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Traditional Lithuanian Food

I have so much work to do online that I barely got out yesterday. Practically a sin for travelers, and I know a few people who'd read me the riot act, but I'm more interested in relishing that I get to work here at all.

I left the room in the afternoon for lunch, and went to a local pub around the corner. I recognized an American couple from breakfast at the Conti. (Our hotel provides a free breakfast every day, buffet style, but not with the amounts or caliber of entrees that you've come to expect from buffets in Vegas) So, breakfast couple was also eating at the pub for lunch. They didn't have an English menu, but the waitress could speak a little English, and I asked for their famous beet soup, bread, and beer.

The soup was fantastic! Warm magenta colored soup with beets and potatoes at the bottom and a dollop of sour cream on top. That, the bread, and the beer came to 5lita - $1.70.

For dinner we went to a traditional restaurant that John's co-worker had suggested. After entering the building we hunched over and made our way down uneven stairs that anyone over 5'11 would have trouble with. At the foot of the stairs were cavernous rooms with cozy inlets, some rooms leading to even smaller rooms. We took a cushioned seat at a wooden table in a large bright room, after the cozy library room seemed too full to enjoy our conversation. The black and white pictures on the wall with women in various states of undress, and a man with a surprised look on his face suggested that this restaurant had once been a whorehouse. I don't think we'd even gotten our beers when who should walk in but the Conti couple.

"Breakfast, lunch, and dinner?" I asked. John was perplexed. Ok, breakfast and lunch made sense, but how'd they make it over to this restaurant for dinner with all the other restaurants around? It's not like our conceirge suggested this one. I assured him that there was no reason that any CIA or FBI would be following me to Lithuania. Bad credit yes, checkered past, no.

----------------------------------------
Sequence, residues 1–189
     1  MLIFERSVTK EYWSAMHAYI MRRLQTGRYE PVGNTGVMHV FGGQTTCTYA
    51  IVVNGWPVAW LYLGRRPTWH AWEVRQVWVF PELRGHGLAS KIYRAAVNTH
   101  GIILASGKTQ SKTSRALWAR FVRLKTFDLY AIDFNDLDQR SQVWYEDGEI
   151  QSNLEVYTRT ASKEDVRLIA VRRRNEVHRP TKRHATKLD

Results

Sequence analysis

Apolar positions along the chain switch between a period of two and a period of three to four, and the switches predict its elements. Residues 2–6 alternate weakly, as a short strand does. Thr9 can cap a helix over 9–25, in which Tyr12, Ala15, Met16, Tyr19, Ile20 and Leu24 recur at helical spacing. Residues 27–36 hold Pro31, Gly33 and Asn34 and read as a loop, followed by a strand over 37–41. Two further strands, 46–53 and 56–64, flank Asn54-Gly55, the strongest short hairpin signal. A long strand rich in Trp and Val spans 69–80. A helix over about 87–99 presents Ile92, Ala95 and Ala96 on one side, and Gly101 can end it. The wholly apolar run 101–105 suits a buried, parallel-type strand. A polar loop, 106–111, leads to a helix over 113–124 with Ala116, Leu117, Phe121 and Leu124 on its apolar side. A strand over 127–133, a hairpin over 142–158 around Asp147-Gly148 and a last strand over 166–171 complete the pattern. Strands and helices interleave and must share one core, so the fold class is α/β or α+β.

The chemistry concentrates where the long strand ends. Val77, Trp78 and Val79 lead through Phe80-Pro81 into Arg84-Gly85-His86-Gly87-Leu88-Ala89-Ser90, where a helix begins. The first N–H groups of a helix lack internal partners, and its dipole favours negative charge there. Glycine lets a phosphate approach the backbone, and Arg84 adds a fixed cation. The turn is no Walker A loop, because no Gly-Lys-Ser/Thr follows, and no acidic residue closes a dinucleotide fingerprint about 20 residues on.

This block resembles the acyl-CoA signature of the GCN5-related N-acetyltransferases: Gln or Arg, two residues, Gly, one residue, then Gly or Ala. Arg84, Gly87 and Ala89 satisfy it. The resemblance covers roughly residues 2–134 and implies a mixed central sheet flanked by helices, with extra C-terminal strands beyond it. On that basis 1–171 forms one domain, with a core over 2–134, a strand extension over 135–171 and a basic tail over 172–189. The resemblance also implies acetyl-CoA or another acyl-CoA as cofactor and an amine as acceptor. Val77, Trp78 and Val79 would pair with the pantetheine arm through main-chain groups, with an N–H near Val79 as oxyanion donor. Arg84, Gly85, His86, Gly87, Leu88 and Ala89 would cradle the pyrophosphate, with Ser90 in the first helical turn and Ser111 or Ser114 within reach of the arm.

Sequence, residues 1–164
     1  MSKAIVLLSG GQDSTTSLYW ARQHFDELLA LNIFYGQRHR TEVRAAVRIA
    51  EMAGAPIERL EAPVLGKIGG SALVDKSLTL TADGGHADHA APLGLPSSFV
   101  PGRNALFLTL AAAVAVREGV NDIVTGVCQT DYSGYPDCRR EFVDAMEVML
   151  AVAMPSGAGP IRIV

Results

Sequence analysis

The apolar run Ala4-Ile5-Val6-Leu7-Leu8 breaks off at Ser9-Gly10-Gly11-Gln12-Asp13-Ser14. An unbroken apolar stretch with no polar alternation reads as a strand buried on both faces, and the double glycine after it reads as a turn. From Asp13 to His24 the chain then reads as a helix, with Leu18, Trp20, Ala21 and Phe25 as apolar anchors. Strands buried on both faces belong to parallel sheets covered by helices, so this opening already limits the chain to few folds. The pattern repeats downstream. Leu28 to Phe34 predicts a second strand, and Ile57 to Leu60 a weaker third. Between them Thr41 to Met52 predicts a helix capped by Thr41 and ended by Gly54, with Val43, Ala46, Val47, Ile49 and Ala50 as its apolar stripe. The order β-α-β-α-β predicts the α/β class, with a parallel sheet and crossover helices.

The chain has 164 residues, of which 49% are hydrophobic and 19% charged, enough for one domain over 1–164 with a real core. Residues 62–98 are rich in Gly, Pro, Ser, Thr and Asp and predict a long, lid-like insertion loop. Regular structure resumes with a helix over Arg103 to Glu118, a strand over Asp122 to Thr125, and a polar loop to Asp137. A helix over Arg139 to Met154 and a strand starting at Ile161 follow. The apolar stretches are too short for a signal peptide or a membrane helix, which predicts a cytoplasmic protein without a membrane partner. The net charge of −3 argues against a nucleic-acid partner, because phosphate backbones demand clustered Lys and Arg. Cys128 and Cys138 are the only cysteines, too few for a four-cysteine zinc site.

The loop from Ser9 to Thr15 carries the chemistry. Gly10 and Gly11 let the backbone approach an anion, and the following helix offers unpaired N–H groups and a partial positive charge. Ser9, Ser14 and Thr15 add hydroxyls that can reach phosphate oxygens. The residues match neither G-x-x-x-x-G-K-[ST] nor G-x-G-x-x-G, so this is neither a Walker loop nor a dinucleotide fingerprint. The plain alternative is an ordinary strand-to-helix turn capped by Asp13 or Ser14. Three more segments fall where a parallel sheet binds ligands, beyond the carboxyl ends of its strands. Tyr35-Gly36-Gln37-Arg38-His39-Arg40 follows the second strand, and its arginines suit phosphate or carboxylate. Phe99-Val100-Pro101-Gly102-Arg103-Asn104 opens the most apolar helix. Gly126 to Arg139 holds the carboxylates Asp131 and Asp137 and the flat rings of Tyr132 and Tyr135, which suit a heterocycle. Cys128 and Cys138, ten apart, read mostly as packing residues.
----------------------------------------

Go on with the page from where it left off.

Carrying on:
Anyway, I had stuffed pork with potato pancake, mushrooms, tomatoes and brussel sprouts. John had a traditional Cepelinai, grated potatoes mashed together and boiled, usually with ground meat inside, but also curd, mushrooms, or even herring. We agreed my dinner was better, so he finished it up. That and three beers and a mineral water came to 51.20 Litas = $17.93

I loved the restaurant. Other diners had their food come in on stand up skewars, while other tables had candelabras on their table. Cellar dining is pretty darn cool, so I've been reading up on other traditional restaurants we can go to. This might be my favorite part of the day. That means that there's no way I'll be getting down to my TV weight on this trip.

I think there are so many reasons to like Vilnius, it's hard for me to understand why John hates being here. But we might've figured it out. He's working in a 400 yr old building and comes home with serious headaches every night that make him pass out. This morning he connected the way he feels to the building and thinks there might be some ancient Lithuaninan mold doing him in. This morning we woke up to a light falling snow out our window. The Conti couple was not at breakfast, and I will check in again with you later. Huge work day today, but hopefully I can do some of it offline and out in a cafe.

Thanks for following along.


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